The Bush team was hence lacking a coherent vision of foreign affairs when it took office. The administration was dominated by people who thought America's prime task was to batten down the hatches and remain strong. Bush was certainly no isolationist, but he wasn't about to go galivanting about the world looking for places the U.S. might stick its oar in. In his first eight months in office, he preferred to pursue his tax cut than invest any substantial level of money in either foreign policy or defence. Secretary of Defense Donald Rumsfeld's repeated requests for more funding, which would benefit those contractors so often accused of pulling administration strings, were repeatedly rebuffed. After not too long, the neoconservative's flagship publication, The Weekly Standard, was suggesting Rumsfeld resign in protest.

If you look at the published comments of President Bush in the year 2000, you'll find he mentioned baseball and football more times than he mentioned the Balkans, which was the most controversial place U.S. troops were committed to. The vast majority of his addresses were on education. Foreign policy just wasn't on the agenda. The only time it was really put there was when a U.S. surveillence plane was rammed by a Chinese jet in late March, causing it to violate Chinese airspace to land safely on Hainan. The president resolved the crisis through careful diplomacy, and was rewarded by a barrage of criticism from the neoconservatives, who wanted him to be tough on China. He responded by agreeing unprecedented arms sales to Taiwan - China's enemy - in April, but this was the action of a man scrambling to protect himself, not of an implacable foe of the People's Republic.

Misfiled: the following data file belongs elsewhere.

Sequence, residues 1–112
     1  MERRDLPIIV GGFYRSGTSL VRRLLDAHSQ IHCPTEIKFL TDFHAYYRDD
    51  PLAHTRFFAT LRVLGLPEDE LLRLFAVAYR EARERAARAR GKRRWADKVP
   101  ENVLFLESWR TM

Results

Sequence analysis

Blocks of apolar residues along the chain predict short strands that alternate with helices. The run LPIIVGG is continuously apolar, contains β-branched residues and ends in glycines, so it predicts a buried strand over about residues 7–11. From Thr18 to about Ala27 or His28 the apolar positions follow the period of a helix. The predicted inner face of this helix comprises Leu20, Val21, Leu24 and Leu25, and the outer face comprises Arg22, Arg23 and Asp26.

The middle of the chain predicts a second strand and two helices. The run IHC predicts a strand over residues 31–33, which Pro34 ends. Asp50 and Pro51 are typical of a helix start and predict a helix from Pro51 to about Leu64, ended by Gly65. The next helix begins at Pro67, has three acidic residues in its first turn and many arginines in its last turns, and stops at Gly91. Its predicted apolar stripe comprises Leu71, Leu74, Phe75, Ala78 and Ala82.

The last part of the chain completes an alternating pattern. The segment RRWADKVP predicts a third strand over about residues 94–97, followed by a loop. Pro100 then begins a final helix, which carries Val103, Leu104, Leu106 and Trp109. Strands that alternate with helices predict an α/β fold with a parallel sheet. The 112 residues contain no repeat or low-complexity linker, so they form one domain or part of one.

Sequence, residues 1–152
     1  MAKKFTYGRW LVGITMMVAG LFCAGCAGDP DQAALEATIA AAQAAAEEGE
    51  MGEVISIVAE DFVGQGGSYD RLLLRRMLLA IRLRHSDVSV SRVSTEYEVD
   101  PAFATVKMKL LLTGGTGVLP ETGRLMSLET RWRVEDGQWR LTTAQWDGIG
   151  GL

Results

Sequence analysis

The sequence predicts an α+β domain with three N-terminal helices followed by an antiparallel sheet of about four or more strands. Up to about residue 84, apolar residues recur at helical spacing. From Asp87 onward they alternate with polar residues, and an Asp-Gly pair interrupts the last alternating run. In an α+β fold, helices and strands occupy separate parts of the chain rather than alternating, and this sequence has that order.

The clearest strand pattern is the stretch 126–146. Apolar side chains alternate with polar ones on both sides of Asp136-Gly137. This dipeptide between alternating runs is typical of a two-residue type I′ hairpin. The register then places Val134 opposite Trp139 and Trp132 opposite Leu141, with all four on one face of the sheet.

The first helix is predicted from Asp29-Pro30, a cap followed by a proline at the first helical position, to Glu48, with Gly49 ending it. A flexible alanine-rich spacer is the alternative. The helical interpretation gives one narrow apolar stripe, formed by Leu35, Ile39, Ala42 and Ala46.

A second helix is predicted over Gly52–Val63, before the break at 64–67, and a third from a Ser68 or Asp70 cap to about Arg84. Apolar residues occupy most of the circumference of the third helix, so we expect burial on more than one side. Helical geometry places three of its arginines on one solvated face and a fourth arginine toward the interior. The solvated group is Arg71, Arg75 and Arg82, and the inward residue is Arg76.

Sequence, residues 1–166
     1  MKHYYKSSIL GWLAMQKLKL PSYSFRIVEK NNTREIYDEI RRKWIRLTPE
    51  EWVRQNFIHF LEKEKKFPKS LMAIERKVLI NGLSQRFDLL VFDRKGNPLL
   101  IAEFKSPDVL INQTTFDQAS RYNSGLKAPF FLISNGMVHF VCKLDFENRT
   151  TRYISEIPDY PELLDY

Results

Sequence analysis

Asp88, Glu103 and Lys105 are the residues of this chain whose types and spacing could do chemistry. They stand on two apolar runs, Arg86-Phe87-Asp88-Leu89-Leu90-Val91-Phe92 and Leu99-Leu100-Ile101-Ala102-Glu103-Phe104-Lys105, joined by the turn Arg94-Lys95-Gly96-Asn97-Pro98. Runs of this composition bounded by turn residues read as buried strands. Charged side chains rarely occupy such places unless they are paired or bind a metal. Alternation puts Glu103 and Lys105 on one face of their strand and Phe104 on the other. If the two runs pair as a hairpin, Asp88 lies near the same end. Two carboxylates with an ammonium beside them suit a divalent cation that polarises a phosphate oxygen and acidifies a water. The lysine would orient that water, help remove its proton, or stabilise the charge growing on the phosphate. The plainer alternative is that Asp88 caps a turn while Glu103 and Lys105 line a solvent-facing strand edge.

Unilateralism

If Bush's foreign policy seemed to have a defining feature before 9/11 - apart from its ad hoc nature - then it was widely viewed as being its "unilateralism". This, however, is a slightly inappropriate word for it. Bush did not take any action which was substantively different from what Clinton had done. Clinton's approach to many international agreements was to be his usual charming (some might say mendacious) self and address them in a collegial spirit, while in effect doing nothing about them. He signed the Kyoto Protocol and refused to submit it to the Senate for ratification; he rejected the International Criminal Court for a long time, and then eventually treated it the same way as Kyoto. This was a fudge, if ever there was one.